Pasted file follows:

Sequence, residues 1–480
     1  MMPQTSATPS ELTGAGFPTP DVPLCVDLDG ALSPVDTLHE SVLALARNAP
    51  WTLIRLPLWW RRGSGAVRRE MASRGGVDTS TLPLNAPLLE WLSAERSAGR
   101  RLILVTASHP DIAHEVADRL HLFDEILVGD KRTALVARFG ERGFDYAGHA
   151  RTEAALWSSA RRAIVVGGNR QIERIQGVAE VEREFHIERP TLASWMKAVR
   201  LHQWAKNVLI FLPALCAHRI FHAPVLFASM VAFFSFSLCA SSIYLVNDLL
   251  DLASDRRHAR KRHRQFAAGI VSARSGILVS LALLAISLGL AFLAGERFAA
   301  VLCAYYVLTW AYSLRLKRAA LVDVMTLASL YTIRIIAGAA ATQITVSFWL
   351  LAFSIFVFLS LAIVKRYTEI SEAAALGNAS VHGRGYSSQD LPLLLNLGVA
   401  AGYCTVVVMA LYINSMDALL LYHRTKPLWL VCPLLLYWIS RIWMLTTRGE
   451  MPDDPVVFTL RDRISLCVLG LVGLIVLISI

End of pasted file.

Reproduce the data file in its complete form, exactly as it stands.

Sequence, residues 1–480
     1  MMPQTSATPS ELTGAGFPTP DVPLCVDLDG ALSPVDTLHE SVLALARNAP
    51  WTLIRLPLWW RRGSGAVRRE MASRGGVDTS TLPLNAPLLE WLSAERSAGR
   101  RLILVTASHP DIAHEVADRL HLFDEILVGD KRTALVARFG ERGFDYAGHA
   151  RTEAALWSSA RRAIVVGGNR QIERIQGVAE VEREFHIERP TLASWMKAVR
   201  LHQWAKNVLI FLPALCAHRI FHAPVLFASM VAFFSFSLCA SSIYLVNDLL
   251  DLASDRRHAR KRHRQFAAGI VSARSGILVS LALLAISLGL AFLAGERFAA
   301  VLCAYYVLTW AYSLRLKRAA LVDVMTLASL YTIRIIAGAA ATQITVSFWL
   351  LAFSIFVFLS LAIVKRYTEI SEAAALGNAS VHGRGYSSQD LPLLLNLGVA
   401  AGYCTVVVMA LYINSMDALL LYHRTKPLWL VCPLLLYWIS RIWMLTTRGE
   451  MPDDPVVFTL RDRISLCVLG LVGLIVLISI